Forbidden Planet is often the film named by historians and critics as the most important science fiction production of the second half of the 20th Century. Without it who knows if other movies such as 2001: A Space Odyssey would have ever been made. Prior to Fred Wilcox’s 1956 Space Opera, science fiction was relegated to smaller budgets, B-level stalwart actors, comical special effects, and hammy scripts. However, this would be the first of such films to actually receive a decent budget, and due to its enormous success, opened the door for future big-budget sci-fi projects. Forbidden Planet is loosely played on Shakespeare’s The Tempest. It concerns a team of scientists (led by Leslie Nielson and Warren Stevens) sent to a far-away planet to check in on a previous group that landed there 20 years earlier to create a colony. Upon arrival, they discover that only one member of the crew is still alive (Walter Pidgeon as Dr. Morbius) as well as his daughter (Anne Francis) who was born on the planet before his wife died. Things seem normal yet out of the ordinary at the same time, as the lone survivor claims he is perfectly happy there and does not need the team to come rescue him or check up on what he is doing. He wants to continue his solitary work.
As they explore further, they realize the planet has a secret. Thousands of years previously, a race of highly intelligent beings lived there and left some of their technology and language behind. The doctor who has been there all this time has made it his personal mission to uncover as much as he can. This does come with some problems, though. Some of the technology is beyond the grasp of simple humans, and its use ends up coming with dire consequences toward the conclusion of the movie. Along with he and his daughter, there is also Robbie the Robot, who is capable of almost any tasks (including producing 60 gallons of bourbon when asked by a curious crew member). This type of robot character would become a mainstay in science fiction films to come. During their stay on Planet Altaira, the crew battles stubbornness on behalf of the doctor, attacks from invisible beings, and internal strife coming from their own subconscious minds.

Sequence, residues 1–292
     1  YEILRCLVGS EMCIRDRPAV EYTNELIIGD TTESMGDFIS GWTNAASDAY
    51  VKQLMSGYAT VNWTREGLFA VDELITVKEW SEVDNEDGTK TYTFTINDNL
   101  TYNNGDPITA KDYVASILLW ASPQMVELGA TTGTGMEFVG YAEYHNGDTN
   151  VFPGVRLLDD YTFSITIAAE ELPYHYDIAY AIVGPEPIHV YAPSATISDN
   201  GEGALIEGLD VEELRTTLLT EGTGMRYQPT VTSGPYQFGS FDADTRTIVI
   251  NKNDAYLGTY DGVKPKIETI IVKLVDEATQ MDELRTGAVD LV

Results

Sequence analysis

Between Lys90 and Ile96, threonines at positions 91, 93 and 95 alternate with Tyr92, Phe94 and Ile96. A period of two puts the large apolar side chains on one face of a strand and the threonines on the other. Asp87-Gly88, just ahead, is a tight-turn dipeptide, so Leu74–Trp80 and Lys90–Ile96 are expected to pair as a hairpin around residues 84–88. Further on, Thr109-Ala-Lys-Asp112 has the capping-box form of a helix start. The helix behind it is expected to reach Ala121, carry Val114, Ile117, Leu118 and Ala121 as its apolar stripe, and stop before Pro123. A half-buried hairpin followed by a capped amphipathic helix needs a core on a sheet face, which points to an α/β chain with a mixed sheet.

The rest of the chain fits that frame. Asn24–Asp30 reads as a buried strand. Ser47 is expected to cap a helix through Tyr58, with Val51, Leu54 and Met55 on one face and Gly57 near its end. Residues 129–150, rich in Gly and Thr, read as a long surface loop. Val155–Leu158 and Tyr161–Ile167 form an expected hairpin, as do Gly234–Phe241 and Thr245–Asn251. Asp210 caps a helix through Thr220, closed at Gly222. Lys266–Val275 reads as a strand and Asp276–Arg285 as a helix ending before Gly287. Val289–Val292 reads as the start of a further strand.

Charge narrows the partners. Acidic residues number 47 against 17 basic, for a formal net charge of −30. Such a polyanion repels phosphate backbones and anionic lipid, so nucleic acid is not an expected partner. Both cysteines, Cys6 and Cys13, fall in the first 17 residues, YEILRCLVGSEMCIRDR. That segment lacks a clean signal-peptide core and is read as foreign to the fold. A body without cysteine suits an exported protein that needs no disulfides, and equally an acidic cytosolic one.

This is a pretty deep movie considering the time period and really enters uncharted territory for the genre. To explain the “deep” aspects of the story, that would require giving away the ending. But I will say the finale has a bit of a twist. Also, for 1956, the scenes involving the daughter were quite risque. There are plenty of strong undertones present. Though humorous and corny now, there are times when the film becomes so sexually charged that audience members of the time must have fainted. The script is intelligent and the acting is decent, though not Forbidden Planet’s strong-point. The special effects are groundbreaking and the enormous budget is apparent in all aspects of the sets, costumes, and visuals. It is a pleasure to watch. Also starring Jack Kelly and Earl Holiman.
8 out of 10 stars.
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